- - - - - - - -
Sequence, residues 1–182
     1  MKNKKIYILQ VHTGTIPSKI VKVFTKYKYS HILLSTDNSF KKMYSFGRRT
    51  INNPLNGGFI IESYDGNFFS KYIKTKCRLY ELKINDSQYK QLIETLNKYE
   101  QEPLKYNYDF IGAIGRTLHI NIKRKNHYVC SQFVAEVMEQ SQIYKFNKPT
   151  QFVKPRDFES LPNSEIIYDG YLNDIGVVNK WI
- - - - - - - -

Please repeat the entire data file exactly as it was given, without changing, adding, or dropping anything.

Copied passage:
Sequence, residues 1–182
     1  MKNKKIYILQ VHTGTIPSKI VKVFTKYKYS HILLSTDNSF KKMYSFGRRT
    51  INNPLNGGFI IESYDGNFFS KYIKTKCRLY ELKINDSQYK QLIETLNKYE
   101  QEPLKYNYDF IGAIGRTLHI NIKRKNHYVC SQFVAEVMEQ SQIYKFNKPT
   151  QFVKPRDFES LPNSEIIYDG YLNDIGVVNK WI